A Panchayat president I interviewed recently told me sweetly that people listen to her because she’s plump. Two years and twenty additional kilos earlier, I would have missed the import of the statement, but now I don’t. Let me give you a quick background before I start.
I was very thin and was often called a skeleton, stick of a coconut leaf and other colourful adjectives. I left to the US in 2005 and after two years of Americanisation I got on the weighing machine. I pushed the scales to a familiar position and it remained upright. I nudged it gently to no avail. After considerable amount pushing around the scale tilted indicating I was somewhere there – and I had grown a full 45 pounds. I had put my deposits just where men in a hurry to grow always do – a pot belly.
Back in India, one of my early stops in India was a women’s college that’s quite popular. I met the head of a particular department and she immediately called me “sir”. I was unused to this, that too by a senior person in a hierarchical institution like a college in India. I begged her to call me Vivek. “Oh OK Professor Vivek”, she said very sincerely. Twenty KGs ago, this had never happened to me and I started realising that I am getting a new status. Earlier when I moved from place to place even a (low cost) rickshaw wala would not solicit me unless I asked for one. This time around taxi drivers (the high cost end) rush to me to know where sar wants to go. I have also had an easy time in getting things done in government offices. The gaze is visibly changed in my onlookers.
A colloquial term for a plump person in many parts of India is “healthy”. The alarming news though is that “healthy” people are growing rapidly in India. Many of my friends are very “healthy” and the trend is growing with sedentary jobs and fat pay checks. There is unfortunately a health crisis with so many people becoming so “healthy” so fast.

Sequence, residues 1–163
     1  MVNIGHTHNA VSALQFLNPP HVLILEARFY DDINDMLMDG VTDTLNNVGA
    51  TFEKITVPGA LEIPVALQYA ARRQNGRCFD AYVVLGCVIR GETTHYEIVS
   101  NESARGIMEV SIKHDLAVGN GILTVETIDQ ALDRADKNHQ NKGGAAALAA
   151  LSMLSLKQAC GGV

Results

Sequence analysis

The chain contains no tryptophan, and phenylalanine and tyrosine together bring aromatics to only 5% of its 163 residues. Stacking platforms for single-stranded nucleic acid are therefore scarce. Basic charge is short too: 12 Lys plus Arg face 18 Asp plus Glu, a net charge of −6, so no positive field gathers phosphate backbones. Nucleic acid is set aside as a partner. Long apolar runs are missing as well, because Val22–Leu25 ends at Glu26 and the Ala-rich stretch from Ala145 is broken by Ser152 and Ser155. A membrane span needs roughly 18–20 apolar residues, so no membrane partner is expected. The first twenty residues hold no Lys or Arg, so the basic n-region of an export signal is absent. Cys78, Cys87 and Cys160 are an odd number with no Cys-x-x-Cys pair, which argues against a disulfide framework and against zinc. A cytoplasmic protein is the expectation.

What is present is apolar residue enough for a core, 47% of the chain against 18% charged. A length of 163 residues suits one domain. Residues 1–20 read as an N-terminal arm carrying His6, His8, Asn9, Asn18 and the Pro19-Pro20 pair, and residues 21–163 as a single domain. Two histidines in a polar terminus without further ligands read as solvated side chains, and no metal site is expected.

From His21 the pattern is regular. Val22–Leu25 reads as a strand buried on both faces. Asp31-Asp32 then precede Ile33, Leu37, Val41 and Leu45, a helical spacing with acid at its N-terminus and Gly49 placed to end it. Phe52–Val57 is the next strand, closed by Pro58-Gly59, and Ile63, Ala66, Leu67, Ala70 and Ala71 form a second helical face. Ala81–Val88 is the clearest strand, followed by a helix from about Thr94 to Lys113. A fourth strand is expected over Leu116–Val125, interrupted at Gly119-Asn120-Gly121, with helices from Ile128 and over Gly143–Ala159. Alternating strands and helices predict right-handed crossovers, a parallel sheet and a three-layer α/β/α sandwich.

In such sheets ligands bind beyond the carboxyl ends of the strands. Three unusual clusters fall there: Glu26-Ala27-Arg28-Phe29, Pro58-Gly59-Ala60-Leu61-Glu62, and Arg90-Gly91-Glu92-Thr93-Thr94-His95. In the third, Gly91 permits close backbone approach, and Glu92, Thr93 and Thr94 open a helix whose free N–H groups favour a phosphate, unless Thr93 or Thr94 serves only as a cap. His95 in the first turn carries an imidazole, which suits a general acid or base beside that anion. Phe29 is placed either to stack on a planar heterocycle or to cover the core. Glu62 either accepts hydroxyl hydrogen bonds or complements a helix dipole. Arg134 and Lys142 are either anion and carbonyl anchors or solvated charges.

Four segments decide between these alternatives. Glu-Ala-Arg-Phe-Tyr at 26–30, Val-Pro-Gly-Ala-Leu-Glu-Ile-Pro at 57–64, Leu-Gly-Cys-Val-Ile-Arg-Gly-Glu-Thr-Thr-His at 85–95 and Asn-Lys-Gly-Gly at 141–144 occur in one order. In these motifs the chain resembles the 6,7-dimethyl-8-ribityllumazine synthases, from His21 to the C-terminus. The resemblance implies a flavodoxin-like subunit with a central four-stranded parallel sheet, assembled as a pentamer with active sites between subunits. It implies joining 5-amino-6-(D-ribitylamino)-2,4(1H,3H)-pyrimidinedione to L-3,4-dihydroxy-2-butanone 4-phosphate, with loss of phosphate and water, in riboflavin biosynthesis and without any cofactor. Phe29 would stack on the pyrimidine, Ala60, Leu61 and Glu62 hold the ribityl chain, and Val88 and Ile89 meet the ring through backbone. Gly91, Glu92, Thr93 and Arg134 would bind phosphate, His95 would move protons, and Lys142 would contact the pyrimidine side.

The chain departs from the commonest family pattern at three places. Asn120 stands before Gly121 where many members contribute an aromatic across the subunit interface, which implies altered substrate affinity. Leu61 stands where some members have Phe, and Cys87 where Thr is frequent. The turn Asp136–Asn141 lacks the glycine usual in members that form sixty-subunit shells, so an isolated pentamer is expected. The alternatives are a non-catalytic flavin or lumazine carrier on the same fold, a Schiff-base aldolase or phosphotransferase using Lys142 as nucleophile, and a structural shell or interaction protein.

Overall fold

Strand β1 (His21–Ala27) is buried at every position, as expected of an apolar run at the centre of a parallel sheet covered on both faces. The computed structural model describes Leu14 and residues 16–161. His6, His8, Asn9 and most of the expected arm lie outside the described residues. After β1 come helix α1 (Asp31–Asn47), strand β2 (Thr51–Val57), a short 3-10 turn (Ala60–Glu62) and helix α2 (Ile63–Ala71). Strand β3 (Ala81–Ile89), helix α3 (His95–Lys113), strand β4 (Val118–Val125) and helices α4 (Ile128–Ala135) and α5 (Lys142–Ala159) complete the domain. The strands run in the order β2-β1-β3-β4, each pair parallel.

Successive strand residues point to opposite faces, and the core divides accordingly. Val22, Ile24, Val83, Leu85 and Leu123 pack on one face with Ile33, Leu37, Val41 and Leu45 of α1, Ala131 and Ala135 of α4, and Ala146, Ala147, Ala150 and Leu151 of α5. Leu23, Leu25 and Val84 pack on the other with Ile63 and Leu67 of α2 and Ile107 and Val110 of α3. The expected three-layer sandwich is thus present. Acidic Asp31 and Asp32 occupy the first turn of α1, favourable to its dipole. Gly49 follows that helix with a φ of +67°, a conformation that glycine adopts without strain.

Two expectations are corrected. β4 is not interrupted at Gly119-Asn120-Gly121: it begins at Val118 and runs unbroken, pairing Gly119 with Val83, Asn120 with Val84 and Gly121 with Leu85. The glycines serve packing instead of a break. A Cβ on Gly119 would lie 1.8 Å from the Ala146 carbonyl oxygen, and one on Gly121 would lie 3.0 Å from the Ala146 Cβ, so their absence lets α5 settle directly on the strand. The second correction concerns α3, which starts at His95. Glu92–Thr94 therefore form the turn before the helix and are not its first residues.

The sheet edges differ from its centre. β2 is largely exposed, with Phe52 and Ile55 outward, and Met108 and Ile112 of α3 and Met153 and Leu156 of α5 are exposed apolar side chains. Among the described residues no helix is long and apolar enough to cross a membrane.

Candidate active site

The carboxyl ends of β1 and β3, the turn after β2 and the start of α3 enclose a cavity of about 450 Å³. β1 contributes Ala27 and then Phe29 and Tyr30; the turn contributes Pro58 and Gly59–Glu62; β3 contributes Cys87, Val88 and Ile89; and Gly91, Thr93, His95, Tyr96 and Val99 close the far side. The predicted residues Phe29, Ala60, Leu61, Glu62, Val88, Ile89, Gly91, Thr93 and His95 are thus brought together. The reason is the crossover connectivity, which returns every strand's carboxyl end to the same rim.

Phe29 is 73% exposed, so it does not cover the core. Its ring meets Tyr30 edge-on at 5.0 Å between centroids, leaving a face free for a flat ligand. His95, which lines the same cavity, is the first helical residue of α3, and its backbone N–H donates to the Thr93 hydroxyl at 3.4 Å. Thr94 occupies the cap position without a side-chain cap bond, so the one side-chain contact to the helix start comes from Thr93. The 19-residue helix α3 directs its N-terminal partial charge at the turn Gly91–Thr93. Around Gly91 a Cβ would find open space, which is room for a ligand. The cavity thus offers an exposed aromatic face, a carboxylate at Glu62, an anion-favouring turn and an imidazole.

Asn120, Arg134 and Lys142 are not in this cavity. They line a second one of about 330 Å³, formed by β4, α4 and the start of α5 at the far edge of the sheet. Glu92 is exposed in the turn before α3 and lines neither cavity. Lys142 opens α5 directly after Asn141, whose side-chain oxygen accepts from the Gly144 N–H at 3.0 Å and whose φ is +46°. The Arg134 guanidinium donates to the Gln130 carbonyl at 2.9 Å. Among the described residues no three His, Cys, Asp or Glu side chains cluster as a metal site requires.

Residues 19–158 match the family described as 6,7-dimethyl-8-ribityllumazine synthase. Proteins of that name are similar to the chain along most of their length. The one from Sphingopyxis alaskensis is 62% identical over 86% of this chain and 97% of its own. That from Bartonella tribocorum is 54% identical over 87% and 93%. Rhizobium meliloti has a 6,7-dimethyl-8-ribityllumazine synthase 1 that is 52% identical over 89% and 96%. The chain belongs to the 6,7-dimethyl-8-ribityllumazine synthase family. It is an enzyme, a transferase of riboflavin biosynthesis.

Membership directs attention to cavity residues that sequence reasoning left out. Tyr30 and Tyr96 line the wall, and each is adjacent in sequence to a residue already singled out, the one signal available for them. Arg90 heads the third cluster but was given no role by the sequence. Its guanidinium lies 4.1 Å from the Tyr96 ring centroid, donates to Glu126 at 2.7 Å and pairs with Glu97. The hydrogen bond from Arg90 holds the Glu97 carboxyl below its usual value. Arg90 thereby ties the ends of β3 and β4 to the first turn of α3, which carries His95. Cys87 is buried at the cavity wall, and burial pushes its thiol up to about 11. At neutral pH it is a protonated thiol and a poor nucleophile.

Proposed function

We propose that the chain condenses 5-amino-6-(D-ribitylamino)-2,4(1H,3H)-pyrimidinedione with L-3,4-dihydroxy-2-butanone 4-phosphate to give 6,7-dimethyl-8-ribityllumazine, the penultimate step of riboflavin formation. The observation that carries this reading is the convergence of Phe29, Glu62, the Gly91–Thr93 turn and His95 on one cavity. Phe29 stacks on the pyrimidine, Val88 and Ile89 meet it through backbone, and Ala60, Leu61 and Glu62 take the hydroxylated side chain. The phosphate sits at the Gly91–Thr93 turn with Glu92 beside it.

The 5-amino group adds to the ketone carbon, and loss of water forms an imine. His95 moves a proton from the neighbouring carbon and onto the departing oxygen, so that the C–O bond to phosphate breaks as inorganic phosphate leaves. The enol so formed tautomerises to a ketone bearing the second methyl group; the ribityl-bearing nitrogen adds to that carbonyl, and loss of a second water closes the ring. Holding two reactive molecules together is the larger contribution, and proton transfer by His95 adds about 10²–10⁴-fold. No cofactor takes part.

The two together put me in a dilemma. Do I cherish my new found status and continue growing or do I recognise the health crisis and pay attention to my weight? As has often been the case, I have got my guidance from the leader of the world, President Bush. It is said that a rather thin Irish author once met a plump English counterpart. The Englishman said, ‘looking at you one would think there’s famine in the country’ and the Irishman retorted, ‘looking at you, one would think you are the cause of it’. Borrowing from the wisdom of this conversation, President Bush has declared that the world food crisis is because Indians are eating a lot these days. That is food for thought Mr. President. I now know that watching my diet is the way to solve the world food crisis – you have given a noble twist to my vain questions…and I shall follow your lead, as always.